Irritable bowel syndrome (IBS) is a relatively common condition that results in abdominal discomfort, bloating, diarrhea, and constipation. According to the Mayo Clinic, IBS develops more often in women than in men and is also more likely to develop before the age of 35. Unlike other diseases that affect the intestines, IBS causes no permanent damage and does not appear to increase the risk of colon cancer. Mild and moderate cases of the condition can often be managed with lifestyle changes rather than medication. In more severe cases of IBS, certain prescription medications have been shown to reduce symptoms and improve quality of life.
Tricyclic antidepressants, the so-called first generation of antidepressant medications, have for years been prescribed to people with serious cases of IBS. There are several competing theories as to why these medications work so well for this condition. On the one hand, tricyclics have pain-relieving properties as one of their secondary effects. Less pain may lead a patient to report symptomatic improvement, particularly if pain was his or her dominant complaint. Another theory maintains that IBS is somehow linked with depression, and a reduction in the symptoms of depression may simultaneously reduce symptoms of IBS. The connection between mental state and IBS is not well understood and demands further research. Yet a third theory maintains that tricyclics alter the way the brain processes nerve signals from the intestines. This may lead to a more relaxed colon or less urgent or painful feelings when having a bowel movement.
Clinical researchers in Belgium surmised that newer antidepressant medications might be just as effective against IBS as the older tricyclics, with potentially fewer adverse effects. They conducted a trial with Celexa (citalopram) to determine its usefulness in managing IBS symptoms. Celexa belongs to the class of antidepressants known as selective serotonin reuptake inhibitors. What little research has been done on these medications and IBS has been promising. An earlier study showed that Celexa works to relax the colon shortly after food consumption, a possibly therapeutic action for anyone with IBS. The most recent study involved a crossover design with a placebo-controlled group. After an initial treatment period, the groups switched places for a second treatment period. Participants kept daily journals of their symptoms, and examinations during the trial provided empirical data. The results were significant but not as informative as the team had hoped. Celexa did lead to improvement of many symptoms but not bowel regularity. Interestingly, most participants reported a much improved sense of well-being that did not always match their objective symptom improvement. This suggests that Celexa’s psychotropic properties may have as much to do with its effectiveness on IBS patients as anything else.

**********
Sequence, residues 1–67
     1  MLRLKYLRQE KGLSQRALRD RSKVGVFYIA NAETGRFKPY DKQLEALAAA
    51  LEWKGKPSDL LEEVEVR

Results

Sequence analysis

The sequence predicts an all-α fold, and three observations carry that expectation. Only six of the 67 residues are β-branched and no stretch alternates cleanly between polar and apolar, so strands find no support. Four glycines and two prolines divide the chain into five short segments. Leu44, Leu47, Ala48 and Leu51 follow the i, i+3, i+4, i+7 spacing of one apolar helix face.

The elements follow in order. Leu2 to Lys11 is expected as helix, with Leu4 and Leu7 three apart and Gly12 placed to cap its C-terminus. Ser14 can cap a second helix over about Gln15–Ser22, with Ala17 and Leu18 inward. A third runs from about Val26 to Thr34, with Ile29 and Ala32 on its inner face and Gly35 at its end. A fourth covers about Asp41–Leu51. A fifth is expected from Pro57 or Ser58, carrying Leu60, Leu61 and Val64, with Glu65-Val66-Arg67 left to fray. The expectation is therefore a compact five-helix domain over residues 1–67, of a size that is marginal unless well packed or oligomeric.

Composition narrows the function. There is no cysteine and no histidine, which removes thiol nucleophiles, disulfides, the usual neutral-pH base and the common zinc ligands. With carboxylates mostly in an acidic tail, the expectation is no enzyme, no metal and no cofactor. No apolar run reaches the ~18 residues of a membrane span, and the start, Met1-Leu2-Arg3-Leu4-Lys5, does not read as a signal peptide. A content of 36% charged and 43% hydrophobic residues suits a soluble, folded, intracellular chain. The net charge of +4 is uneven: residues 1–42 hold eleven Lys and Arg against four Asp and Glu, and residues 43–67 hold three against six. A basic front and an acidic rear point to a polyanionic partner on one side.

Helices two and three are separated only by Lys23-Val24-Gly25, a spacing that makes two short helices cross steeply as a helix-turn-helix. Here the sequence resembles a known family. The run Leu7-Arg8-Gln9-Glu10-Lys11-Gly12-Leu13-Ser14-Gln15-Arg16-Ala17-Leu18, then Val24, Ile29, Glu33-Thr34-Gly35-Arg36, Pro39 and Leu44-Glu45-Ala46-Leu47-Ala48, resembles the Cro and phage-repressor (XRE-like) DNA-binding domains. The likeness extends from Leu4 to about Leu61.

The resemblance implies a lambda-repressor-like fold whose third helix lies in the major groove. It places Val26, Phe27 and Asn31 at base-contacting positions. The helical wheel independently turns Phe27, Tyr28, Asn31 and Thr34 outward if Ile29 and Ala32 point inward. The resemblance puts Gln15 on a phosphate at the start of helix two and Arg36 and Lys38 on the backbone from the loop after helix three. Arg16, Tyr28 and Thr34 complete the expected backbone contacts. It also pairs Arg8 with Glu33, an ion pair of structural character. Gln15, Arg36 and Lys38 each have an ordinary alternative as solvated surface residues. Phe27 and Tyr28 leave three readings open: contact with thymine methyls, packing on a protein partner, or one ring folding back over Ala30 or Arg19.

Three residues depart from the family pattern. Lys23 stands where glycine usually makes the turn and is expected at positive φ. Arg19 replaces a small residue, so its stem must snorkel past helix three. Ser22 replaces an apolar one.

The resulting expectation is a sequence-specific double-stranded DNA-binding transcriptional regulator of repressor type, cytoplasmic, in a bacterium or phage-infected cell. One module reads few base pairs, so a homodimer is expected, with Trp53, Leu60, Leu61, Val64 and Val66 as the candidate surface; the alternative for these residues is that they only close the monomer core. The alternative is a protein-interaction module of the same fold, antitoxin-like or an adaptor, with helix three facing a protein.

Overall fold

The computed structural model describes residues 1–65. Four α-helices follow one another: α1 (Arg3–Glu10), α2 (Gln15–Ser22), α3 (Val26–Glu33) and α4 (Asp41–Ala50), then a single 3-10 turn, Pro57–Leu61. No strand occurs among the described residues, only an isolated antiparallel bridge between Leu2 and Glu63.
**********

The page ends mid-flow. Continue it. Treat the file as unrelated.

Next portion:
Other studies with a similar approach have produced mixed results. The lesson here, according to the researchers, is that the emotional health and well-being of IBS patients cannot be neglected. A pharmaceutical solution is often sought when lifestyle changes and talk therapy might be more beneficial without the risk of side effects.
- PubMed Health [Internet]. (n.d.). Bethesda (MD): National Library of Medicine. Citalopram. Retrieved March 10, 2012, from http://www.ncbi.nlm.nih.gov/pubmedhealth/PMH0001041/
- MayoClinic.com. (n.d.). Irritable bowel syndrome. Retrieved March 13, 2012, from http://www.mayoclinic.com/health/irritable-bowel-syndrome/DS00106
- Tack, J., Broekart, D., Fischler, B., Van Oudenhove, L., Gevers, A.M., Janssens, J. (2006). A controlled crossover stud of the selective serotonin reuptake inhibitor citalopram in irritable bowel syndrome. Neurogastroenterology, 55, 1095-1103.
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